Une nouvelle recherche indique que le Canada prend du retard sur la façon dont il collecte et partage des informations essentielles sur les villes

Deux des plus grands experts en politique urbaine du pays affirment que le Canada prend du retard sur le reste du monde dans sa capacité pour les décideurs d'accéder à l'information sur les villes canadiennes, un appel qui est devenu encore plus urgent face au COVID-19.

In a newly released report by the Canadian Urban Institute, Gabriel Eidelman, director of the Urban Policy Lab at the University of Toronto’s Munk School of Global Affairs and Public Policy, and Neil Bradford, chair of political science at Huron University College at Western, argue that Canada needs to create a new national entity that houses the best available quantitative and qualitative data on cities, what they’re calling a Canadian urban policy observatory.

The observatory, if developed, would allow policy makers to easily compare data and policy approaches across Canadian cities and quickly adopt solutions already working in various parts of the country, the two argue in the report, something they say is essential as cities look towards COVID-19 recovery.

“As the federal and provincial governments turn their attention to post-COVID policy frameworks, they must learn from the frontline experiences of cities from across the country,” Eidelman and Bradford say. “Now is the time to bring all the available data we have on cities, all the different urban policy frameworks being tried in different jurisdictions, into a single place so policy makers can get a full picture of what’s working and what’s not across the country.”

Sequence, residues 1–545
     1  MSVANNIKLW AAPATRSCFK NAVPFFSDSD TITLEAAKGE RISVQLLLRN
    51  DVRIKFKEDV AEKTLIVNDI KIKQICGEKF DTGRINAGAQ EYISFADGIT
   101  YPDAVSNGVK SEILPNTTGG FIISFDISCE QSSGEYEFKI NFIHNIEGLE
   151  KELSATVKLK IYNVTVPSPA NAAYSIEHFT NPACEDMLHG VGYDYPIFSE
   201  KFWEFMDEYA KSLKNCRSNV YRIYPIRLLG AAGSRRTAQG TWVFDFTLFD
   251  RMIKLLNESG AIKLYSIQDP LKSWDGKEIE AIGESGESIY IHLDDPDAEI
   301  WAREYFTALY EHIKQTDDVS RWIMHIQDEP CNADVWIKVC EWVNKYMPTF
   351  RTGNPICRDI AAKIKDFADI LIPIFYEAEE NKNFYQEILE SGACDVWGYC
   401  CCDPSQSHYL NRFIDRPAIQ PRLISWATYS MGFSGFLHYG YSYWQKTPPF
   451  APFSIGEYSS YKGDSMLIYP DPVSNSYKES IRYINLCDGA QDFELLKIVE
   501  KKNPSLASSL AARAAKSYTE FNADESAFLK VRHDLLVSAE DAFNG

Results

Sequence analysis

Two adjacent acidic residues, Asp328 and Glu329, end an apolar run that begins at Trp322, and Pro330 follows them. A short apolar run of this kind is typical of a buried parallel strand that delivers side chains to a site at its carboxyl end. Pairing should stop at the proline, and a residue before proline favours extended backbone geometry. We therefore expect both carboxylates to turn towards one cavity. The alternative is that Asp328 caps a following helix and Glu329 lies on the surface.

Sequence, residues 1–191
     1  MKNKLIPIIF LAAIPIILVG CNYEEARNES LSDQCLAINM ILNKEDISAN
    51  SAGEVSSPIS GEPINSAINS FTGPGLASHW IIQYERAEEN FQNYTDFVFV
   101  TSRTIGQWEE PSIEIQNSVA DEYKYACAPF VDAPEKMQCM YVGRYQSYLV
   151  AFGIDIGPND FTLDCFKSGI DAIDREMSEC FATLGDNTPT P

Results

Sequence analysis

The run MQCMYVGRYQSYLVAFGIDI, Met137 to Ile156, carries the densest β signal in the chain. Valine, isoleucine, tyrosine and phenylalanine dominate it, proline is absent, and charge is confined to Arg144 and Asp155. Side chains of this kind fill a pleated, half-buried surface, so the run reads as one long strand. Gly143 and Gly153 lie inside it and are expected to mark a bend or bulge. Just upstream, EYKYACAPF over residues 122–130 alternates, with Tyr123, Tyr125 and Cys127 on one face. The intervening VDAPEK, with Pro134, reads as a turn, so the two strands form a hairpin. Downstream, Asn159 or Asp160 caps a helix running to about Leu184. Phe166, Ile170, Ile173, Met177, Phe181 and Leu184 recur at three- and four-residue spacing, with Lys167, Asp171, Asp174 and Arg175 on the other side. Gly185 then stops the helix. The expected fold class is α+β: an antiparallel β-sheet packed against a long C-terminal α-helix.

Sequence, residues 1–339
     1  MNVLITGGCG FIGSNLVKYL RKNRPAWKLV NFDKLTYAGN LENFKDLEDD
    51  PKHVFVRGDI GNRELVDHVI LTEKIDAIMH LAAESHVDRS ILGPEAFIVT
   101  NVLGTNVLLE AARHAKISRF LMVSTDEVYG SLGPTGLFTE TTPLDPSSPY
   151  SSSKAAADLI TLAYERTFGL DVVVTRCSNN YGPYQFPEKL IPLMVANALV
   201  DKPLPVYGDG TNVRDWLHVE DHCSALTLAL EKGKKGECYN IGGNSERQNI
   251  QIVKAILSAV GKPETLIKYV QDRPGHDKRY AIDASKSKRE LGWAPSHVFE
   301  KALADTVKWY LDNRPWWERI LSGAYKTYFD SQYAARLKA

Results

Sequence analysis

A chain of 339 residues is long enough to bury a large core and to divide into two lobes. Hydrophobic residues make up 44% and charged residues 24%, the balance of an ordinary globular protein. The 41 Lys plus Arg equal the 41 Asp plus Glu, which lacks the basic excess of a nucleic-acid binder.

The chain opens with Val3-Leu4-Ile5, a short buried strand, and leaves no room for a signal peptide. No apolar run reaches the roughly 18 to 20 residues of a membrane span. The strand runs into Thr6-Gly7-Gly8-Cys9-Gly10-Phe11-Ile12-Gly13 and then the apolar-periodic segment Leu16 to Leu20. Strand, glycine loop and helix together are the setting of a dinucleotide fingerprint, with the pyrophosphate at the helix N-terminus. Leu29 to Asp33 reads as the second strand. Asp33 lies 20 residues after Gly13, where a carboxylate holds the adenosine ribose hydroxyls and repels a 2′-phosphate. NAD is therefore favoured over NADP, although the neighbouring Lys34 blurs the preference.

The UN-Habitat and the OECD recently called on all countries to implement a “national urban policy” which they term an “essential instrument” in achieving sustainable development goals.

But the reality is that Canada has no national urban policy or the “one-stop-shop” entity that Bradford and Eidelman are calling for, unlike many other countries around the world.

“We need a coordinated and comprehensive platform that allows an urban policy maker, in say, Surrey, B.C., to easily find data and policy approaches being tried in St. John’s, N.L,” the researchers argue. “Without something like an urban policy observatory, we’re flying blind.”

The observatory, the two researchers propose, would be part repository, aggregator, clearing house and knowledge broker, and would collect, standardize, analyze, and publish qualitative and quantitative data on Canadian cities and, crucially, the political systems and policy frameworks that govern them.

Plus important encore, l'observatoire servirait de pierre angulaire pour un dialogue intergouvernemental plus large sur les priorités urbaines, portant les défis locaux à l'attention des gouvernements de niveau supérieur et mettant en évidence les possibilités de résolution commune des problèmes.

“COVID-19 has shown that people working at the local level are the wells of knowledge, with invaluable evidence that support appropriate interventions and policy,” said Mary W. Rowe, CEO of the Canadian Urban Institute, the national non-profit that released the report. “To support these efforts, we must ensure that decision makers and community leaders have timely access to the information required to lead our cities through this crisis and prepare for recovery and renewal.”